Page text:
Phoenix, AZ (PRWEB) July 29, 2012
Endangered tiger blog ‘a Tiger Journal’ is featuring an interview with Zoe (13) and Vivi (10) Husted and Laney (10) and Luke (9) Peters about the importance of saving endangered tigers from extinction. The interview is part of ‘a Tiger Journal’s’ ongoing interview series on saving endangered tigers in the wild.
“The idea of interviewing these young individuals about saving endangered tigers came from a recent interview I did with Keshav Varma, the World Bank's Program Director for the Global Tiger Initiative,” says Endangered Species Journalist Craig Kasnoff, the author of ‘a Tiger Journal’.
“In my interview, Keshav said he believed the ‘future’ of tigers in the wild would -in large part- be in the hands of the young people of today,” says Kasnoff. “So I thought it would be appropriate to hear from some of those young people on Global Tiger Day. I wanted to see if they cared about endangered tigers and whether or not they cared if tigers became extinct.”
Kasnoff said Zoe and Vivi Husted are the daughters of retired NFL kicker Michael Husted, and Laney and Luke Peters are his niece and nephew.
“About a month ago Michael and I were having lunch and he mentioned his daughters had used both my Tigers in Crisis and Bagheera websites to research endangered species for a school project,” says Kasnoff. “So I asked him if he thought Zoe and Vivi might be interested in doing an interview for ‘a Tiger Journal’ for Global Tiger Day.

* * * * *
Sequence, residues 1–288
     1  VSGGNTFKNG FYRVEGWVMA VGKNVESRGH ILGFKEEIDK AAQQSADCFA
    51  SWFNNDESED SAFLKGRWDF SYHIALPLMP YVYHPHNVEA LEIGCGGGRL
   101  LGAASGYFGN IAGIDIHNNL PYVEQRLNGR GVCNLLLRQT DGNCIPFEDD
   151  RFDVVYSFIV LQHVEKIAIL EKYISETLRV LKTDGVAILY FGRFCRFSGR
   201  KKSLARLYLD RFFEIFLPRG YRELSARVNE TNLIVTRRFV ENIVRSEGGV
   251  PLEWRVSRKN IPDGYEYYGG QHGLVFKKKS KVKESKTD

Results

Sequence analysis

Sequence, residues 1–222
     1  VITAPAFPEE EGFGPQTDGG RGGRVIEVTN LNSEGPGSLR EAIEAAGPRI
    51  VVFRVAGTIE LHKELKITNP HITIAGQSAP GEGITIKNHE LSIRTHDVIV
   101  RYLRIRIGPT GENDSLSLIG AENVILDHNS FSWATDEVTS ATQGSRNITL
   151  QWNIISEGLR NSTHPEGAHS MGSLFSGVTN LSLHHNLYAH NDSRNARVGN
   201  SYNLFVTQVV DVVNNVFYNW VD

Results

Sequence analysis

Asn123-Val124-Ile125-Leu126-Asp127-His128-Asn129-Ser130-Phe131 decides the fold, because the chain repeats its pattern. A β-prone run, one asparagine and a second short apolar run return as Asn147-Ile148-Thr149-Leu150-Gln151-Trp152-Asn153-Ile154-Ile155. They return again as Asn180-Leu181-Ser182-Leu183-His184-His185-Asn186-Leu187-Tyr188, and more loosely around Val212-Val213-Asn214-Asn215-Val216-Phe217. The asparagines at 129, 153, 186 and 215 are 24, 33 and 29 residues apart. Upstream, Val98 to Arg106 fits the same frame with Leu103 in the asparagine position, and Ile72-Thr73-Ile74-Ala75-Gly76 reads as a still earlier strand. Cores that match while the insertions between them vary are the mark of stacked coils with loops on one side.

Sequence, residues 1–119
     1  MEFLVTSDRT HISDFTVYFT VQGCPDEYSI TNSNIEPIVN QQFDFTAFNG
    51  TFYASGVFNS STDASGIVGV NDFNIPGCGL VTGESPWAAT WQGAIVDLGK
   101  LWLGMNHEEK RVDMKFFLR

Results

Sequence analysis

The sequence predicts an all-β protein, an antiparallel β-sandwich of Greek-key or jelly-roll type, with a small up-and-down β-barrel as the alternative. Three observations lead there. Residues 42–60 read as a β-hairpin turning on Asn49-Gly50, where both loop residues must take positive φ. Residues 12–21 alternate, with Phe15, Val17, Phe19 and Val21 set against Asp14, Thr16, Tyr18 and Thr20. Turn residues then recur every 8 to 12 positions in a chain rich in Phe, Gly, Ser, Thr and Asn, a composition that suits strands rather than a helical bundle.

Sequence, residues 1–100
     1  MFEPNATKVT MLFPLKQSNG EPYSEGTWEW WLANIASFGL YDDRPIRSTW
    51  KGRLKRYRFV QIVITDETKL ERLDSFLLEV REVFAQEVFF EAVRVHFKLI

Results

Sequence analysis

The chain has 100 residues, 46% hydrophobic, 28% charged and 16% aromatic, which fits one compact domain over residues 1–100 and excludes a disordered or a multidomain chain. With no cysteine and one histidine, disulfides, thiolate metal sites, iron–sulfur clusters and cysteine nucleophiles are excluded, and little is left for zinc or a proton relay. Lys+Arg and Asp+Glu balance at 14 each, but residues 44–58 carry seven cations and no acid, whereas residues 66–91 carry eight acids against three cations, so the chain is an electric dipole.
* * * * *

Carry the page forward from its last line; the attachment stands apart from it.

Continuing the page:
His daughters agreed to do the interview, as did his nephew and niece (social networking).
Kasnoff says he wasn’t sure what kind of responses he would get from these young individuals who were between the ages of 9-13. But after reading their responses, Kasnoff says he was pleased to see that many of the answers Zoe, Vivi, Laney and Luke gave coincided with the efforts that are currently underway to save tigers in the wild.
“In their answers they talk about the importance of protecting tiger habitat, of stopping poaching and of the key role that zoos play in protecting tigers from becoming extinct,” says Kasnoff. “And you have to remember they are all between the ages of 9-13. Now that’s pretty cool!”
Here are some of Kasnoff’s favorite answers from the interview:
Question: Did you know there are only around 90 South China tigers (one of the remaining six subspecies of tigers) left on Earth, and they are all in zoos in China?
Zoe (13): "I did not know that, and I think that some should be kept in zoos so that people are able to admire them, but I definitely think that most of the tigers should be out in the wild and repopulating."
Question: If you could, would you try to help save tigers from becoming extinct in the wild? If so…why?
Vivi (10): "I would definitely want to help because It would be a fun adventure and it would help keep animals alive."
Question: Do you think the U.S. government should help to save tigers in the wild even though there are no wild tigers in the United States?
Laney (10): "Yes, they should tell people on TV that they are becoming extinct. They should make it a law that US people cannot do anything to a tiger to hurt it."
Question: Do you like tigers? If so, why?
Luke (9): "Yes, I love tigers because they're orange with black stripes and that makes them look cool."
And that, says Kasnoff, is as ‘cool’ as it gets.
You can find the complete interview with Zoe, Vivi, Laney and Luke at ‘a Tiger Journal’
‘a Tiger Journal’ was created by Endangered Species Journalist Craig Kasnoff in an effort to promote the plight of endangered tigers and how to save them from extinction.
For more information about tigers go to Tigers In Crisis.
For more information about endangered species go to Bagheera